The Warrior of World’s End (The first book of the Gondwane Epic)
by Lin Carter
I’ve been reading some of the older pulp fantasy/sci-fi books, and this was one of those — a Daw paperback, the pages yellowed on the edges, the cover price only 95 cents. Lin Carter is one of those names I always see on rows of thin, dog-eared paperbacks in used bookstores, but not one I ever needed to read.
But that was only because I didn’t know what I was missing. And if you’re a fantasy fan, especially a fan of cheesy Robert-E.-Howard’s-Conan style fantasy, you must read Lin Carter.
This book was brilliant. I can’t wait to get back to the used store and buy the second book in the Gondwane Epic, and then keep going until I get to the end — and I hope that’s a long way off. The basic idea is this: 700 million years have passed since our current era, and the Earth’s continents have drifted into each other to form a single mega-continent — the title of the epic and name of the continent coming from the primordial Gondwanaland, the mega-continent that was the southern half of Pangaea, when all of the Earth’s land surface was in one land mass that became two and then became many — and things are, of course, very different. It’s a fantasy world-building technique that I’ve always enjoyed; my other favorite use of it was in the Wheel of Time. In this case, you have a traditional swords-and-sorcery society, with the opening narrative from the point of view of a trader riding a donkey from one great city to another, passing through the Crystal Mountains by a great desert, with his wife, who is actually a sentient plant-being. On the way through the mountains, an earthquake shakes the land, and soon they discover a Great Epic Hero wandering through the aftermath, lacking even the ability to speak intelligibly — but his thews are mighty, and his hair is glittering silver. This is Ganelon Silvermane, the hero who will save the world from doom: the star of the epic. The trader and his wife take Ganelon in and raise him like a seven-foot-tall bodybuilder/baby; they teach him to be honorable and courageous and everything a hero should be, and then off he goes a-heroin’.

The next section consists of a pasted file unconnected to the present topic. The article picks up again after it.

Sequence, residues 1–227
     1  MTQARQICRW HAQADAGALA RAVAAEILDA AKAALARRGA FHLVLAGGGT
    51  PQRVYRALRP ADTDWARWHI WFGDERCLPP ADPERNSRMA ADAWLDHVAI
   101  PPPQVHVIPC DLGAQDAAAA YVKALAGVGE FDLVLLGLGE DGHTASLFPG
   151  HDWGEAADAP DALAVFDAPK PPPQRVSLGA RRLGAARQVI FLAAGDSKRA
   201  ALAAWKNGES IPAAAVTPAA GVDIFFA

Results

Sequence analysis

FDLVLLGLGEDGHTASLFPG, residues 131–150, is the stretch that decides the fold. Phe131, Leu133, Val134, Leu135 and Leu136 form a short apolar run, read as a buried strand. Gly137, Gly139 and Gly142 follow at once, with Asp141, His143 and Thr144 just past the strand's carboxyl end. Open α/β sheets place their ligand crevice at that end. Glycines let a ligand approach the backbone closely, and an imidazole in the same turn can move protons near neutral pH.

It’s great. Carter uses all kinds of unnecessarily fancy words and complex sentences, but without making the book as hard to read as, say, H.P. Lovecraft’s work. There is a simplicity and childish glee in it that made me smile the whole time. It reminded me very much of Conan, or of Edgar Rice Burroughs’s John Carter of Mars series, but with a heavier tilt towards fantasy and away from SF — since there is a Red Enchantress, and an Illusionist, and Death Dwarves, and a magic flying bird-vehicle made of brass and granted intelligence and a personality, and the ability to speak. Ganelon meets a lithe Amazonian-type warrior woman, whom he saves from evil priests, and who I’m sure will be a love interest at some point, but our hero is too innocent of the ways of love as of yet; so far all he does is fight great battles and break large things with mighty swings of his flashing sword, all that kind of stuff.
It was a hoot. Highly recommended for those who like this sort of thing.
If you liked this book, you might also like:
Conan stories by Robert E. Howard or Robert Jordan
John Carter, Warlord of Mars series by Edgar Rice Burroughs